The special effects world has changed a lot since Ray Harryhausen made the giant ape Mighty Joe Young move--move physically, and move audiences emotionally. Computer generated effects have all but replaced the kind of practical, "primitive" effects he pioneered. But as futuristic sophistication has overtaken fantasy films, the soul has gone out of so many of them. Ray Harryhausen put his soul into the films he made, and that made them soulful. He will be missed.

Cult Club: 'Primitive London' (1965)

In this feature, Psychobabble looks at classic cult items beyond Horror and Rock & Roll.

Oh, those kids today with their potty-mouthed comedians, tattoo parlors, licentious pop stars, key parties, and bowling. What of Victorian values? What of the days when women didn’t merely remove their clothes in degenerate strip clubs but did so while sharing the stage with good, clean vaudevillians telling corny jokes and crooning cornier songs? What of the Empire?

Alas, the sixties put an end to the England of old, the one The Kinks lamented, often with tongue-in-cheek, on Village Green Preservation Society and Arthur: The Decline and Fall of the British Empire. Primitive London laments similarly, though its long, lascivious tongue is never out of its cheeky cheek for a second.

Arnold Louis Miller released his movie in 1965 when the mores of old were being swung aside by Swinging London’s new libertine ways but films still had to pay tisking lip service to traditional “morality” in order to stay out of the porno theaters. Three years earlier, filmmakers Paolo Cavara, Franco Prosperi, and Gualtiero Jacopetti assembled stock footage of animals mutated by the Bikini Atoll nuclear tests, cross-dressing Gurkha soldiers, Reeperbahn drunks, bikini girls, and other verboten delights into Mondo Cane, creating a box office sensation and pioneering the shockumentary form that would be Miller’s cup of tea. He’d already been making nudist camp pictures with titles such as Nudist Memories, Nudes of All Nations, and Take Off Your Clothes and Live since 1961. With 1965’s Primitive London, Arthur L. Miller expanded his interests to include sports, music, business, and youth culture, though sights of skin are never far away.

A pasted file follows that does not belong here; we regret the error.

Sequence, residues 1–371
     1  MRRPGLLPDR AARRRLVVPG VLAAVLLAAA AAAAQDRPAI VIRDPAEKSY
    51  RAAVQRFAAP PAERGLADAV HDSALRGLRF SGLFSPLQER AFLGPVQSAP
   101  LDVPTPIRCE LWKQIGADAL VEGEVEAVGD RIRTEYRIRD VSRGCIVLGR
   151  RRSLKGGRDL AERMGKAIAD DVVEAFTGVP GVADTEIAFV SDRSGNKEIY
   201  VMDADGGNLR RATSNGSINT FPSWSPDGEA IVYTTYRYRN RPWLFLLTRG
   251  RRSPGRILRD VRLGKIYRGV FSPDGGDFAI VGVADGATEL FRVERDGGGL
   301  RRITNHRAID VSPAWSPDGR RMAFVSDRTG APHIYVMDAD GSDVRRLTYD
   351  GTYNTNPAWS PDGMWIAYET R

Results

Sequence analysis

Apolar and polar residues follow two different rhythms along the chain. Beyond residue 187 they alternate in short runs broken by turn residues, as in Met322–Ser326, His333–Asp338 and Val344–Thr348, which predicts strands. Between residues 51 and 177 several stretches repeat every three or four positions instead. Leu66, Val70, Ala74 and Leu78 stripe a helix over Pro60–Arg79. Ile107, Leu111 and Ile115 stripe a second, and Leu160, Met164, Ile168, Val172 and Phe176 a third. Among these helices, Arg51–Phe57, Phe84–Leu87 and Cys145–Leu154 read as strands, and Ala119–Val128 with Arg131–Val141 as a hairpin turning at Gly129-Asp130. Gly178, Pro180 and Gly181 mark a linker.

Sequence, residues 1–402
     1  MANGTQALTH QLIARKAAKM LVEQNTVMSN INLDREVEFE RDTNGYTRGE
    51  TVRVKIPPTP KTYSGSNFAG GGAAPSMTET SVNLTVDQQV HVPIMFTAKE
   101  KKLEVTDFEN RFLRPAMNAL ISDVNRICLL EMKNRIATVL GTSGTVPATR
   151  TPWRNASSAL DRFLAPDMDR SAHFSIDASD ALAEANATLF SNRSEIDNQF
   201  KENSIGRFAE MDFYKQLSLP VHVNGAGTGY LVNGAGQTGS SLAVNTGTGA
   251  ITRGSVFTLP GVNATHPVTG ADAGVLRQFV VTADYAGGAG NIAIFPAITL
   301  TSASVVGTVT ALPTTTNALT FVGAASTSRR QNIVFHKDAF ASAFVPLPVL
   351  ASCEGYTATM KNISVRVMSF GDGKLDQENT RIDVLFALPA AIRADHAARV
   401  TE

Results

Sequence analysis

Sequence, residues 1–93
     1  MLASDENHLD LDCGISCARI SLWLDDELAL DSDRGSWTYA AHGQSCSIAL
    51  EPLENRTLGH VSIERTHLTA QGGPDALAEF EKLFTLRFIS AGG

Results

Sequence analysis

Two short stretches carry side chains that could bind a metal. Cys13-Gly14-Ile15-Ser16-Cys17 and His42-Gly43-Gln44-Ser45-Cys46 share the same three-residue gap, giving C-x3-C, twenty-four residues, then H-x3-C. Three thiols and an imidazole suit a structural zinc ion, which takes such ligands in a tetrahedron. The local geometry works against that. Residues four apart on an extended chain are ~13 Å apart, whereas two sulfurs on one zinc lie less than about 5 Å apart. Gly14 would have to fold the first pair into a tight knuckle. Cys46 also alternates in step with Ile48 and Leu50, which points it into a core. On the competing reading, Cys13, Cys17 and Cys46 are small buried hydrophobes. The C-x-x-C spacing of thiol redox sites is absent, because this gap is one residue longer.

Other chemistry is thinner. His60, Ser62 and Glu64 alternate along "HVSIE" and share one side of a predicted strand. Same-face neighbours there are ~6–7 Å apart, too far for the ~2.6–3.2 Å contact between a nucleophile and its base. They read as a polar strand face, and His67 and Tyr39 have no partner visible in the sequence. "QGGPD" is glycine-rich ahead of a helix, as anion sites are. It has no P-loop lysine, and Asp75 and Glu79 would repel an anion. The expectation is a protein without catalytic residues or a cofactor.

The first is the decidedly unsexy image of a woman graphically giving birth to a smurf-blue baby, the attending obstetrician’s “most difficult delivery ever” if you are to believe narrator David Gell’s voice over, and it’s probably best to never trust anything you see or hear in Primitive London. Nevertheless, that baby does not look healthy and it is hard to believe that the kid we see at the end of the film contentedly tugging on its milk bottle is the same one. Getting hung up on such issues, or expecting the unfiltered look at life and death our narrator indicates Primitive London will be, is to miss the point and the fun. Arthur L. Miller is hip to this and his libertine leer always undermines the rote conservatism of his screenplay, which waves its finger at the “true delinquents” with their “incapacity to postpone present excitement in the hope of future happiness” attending a wife-swapping key party one moment while fixing its gaze on the pastie-festooned glamour girls of an old-fashioned burlesque club tellingly called Churchill’s the next.